Maggie Gyllenhaal Is Done With the ‘Spoonful of Sugar’ Approach as an Actor + Director

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Photo Source: Courtesy Netflix

“The Lost Daughter” may mark her directorial debut, but Maggie Gyllenhaal has been on enough sets in her years as an actor to know exactly how she wanted to run hers.

“Something I’ve learned to do as an actress is: if I need some kind of permission, to ask for it with a spoonful of sugar,” she says. “I really wanted to have a set where nobody had to bother with that bullshit, where I was interested in everyone’s ideas—where they didn’t have to ‘spoonful of sugar’ it with me.”

Adapted by Gyllenhaal from Elena Ferrante’s novel of the same name, the film is a harrowing blend of psycho-thriller and domestic drama about the expectations of motherhood, and what happens when they’re not met. 

Gyllenhaal, who has been nominated for Emmy and Academy Awards for performing, has long wanted to step behind the camera, “in some ways consciously and in some ways unconsciously,” she says. She adds that she’s never been the kind of actor who’s “satisfied to just stand on a mark where I was told to stand.” 

So when she came across Ferrante’s book, “I could see it cinematically; I could see the reason to translate it into another form,” she recalls. But the film’s tone was not immediately evident, and Gyllenhaal spent the bulk of the preproduction period honing it. Still, it wasn’t until she got on set and began to interpret the material with her actors that the piece formed its spine. 

“There was this process with the actors; I could feel when we were what I would call ‘in the current,’ when all of a sudden, it’s something alive,” she says. “And I’m like, OK, I thought the tone was this, but it shifted just incrementally by the beauty of the way that scene was played. [What the film] ended up being was there from the beginning, but it got deeper and clearer and more focused and sharper in every single step of the process.”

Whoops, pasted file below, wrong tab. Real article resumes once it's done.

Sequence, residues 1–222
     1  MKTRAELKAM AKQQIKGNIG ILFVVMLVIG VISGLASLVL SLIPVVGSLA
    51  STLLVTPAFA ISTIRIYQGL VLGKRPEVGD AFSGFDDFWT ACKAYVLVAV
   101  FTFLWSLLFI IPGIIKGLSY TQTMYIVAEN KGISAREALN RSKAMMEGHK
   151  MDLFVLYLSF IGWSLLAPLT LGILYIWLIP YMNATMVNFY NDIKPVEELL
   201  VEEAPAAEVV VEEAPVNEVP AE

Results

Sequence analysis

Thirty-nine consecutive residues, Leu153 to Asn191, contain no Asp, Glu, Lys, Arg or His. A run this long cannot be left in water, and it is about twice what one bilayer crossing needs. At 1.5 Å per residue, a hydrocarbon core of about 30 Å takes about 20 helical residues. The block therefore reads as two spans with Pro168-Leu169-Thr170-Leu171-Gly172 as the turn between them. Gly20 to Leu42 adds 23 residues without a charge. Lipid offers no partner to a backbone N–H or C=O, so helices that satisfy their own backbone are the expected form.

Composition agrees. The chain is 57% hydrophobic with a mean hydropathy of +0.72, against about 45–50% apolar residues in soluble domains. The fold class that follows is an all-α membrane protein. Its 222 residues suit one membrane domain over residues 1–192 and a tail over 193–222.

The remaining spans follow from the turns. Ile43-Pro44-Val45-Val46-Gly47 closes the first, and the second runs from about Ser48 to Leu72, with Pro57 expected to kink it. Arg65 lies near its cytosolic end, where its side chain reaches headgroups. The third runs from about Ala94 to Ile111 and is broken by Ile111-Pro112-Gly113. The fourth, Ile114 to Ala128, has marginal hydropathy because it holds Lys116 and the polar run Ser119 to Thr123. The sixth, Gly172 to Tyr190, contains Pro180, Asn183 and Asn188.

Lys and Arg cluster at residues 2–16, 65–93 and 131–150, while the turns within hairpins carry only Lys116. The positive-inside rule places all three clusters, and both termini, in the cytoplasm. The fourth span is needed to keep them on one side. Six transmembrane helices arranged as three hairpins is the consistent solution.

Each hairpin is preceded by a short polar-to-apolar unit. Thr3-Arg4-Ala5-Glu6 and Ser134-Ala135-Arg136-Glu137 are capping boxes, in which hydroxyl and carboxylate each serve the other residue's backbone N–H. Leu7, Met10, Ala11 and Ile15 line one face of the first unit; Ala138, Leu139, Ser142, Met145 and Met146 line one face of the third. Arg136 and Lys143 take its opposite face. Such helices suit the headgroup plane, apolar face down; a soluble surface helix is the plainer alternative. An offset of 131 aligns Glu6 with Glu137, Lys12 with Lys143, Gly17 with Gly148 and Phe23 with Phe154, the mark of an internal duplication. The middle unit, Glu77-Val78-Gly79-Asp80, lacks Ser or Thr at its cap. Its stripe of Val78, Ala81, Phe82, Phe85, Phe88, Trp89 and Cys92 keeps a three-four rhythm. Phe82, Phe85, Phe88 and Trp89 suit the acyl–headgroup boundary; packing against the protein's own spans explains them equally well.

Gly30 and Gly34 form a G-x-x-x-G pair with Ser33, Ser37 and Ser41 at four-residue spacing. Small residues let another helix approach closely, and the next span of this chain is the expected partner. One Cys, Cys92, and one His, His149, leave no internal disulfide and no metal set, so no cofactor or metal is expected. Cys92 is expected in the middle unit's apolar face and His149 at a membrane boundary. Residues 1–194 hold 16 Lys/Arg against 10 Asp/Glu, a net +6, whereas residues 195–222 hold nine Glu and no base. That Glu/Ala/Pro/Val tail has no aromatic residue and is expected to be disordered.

Anchored by firecracker performances from Olivia Colman, Dakota Johnson, and Jessie Buckley, the film wasn’t short on talent for Gyllenhaal to work with. But she also knows that no two actors’ working styles are alike, and she needed to be comfortable with all of them. 

“I have a lot of opinions about how to help an actor get to a really exciting place. I have opinions about how I’d like to be helped to get to that place, and that certainly translated into the way I worked with my actors,” she says. “Everybody needs to be taken care of and seen in a different way, just like people. Some people want to have a long dinner and talk everything out. Other people, that would kill it for them. Part of the job of a director is to honor whatever [actors] need to get to a place of freedom.” 

That freedom, Gyllenhaal adds, allows actors to access real spontaneity on camera, when “you don’t know what’s going to happen, even if you have a point of view about how you walk into the scene.” For directors to succeed, they need to tap into a similar freedom so they can make decisions and believe in them unapologetically.

“The thing that served me was really to listen to myself. I got great notes and I took them often, but I took them when they felt right to me,” she says. “There were times when people I respect didn’t agree with the choices I was making; but if I felt they were right, I stood by them. I’m so glad I did, because the movie is its own expression that isn’t watered down by trying to please everybody.”

This story originally appeared in the Jan. 27 issue of Backstage Magazine. Subscribe here.

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Casey Mink
Casey Mink is the senior staff writer at Backstage. When she's not writing about television, film, or theater, she is definitely somewhere watching it.
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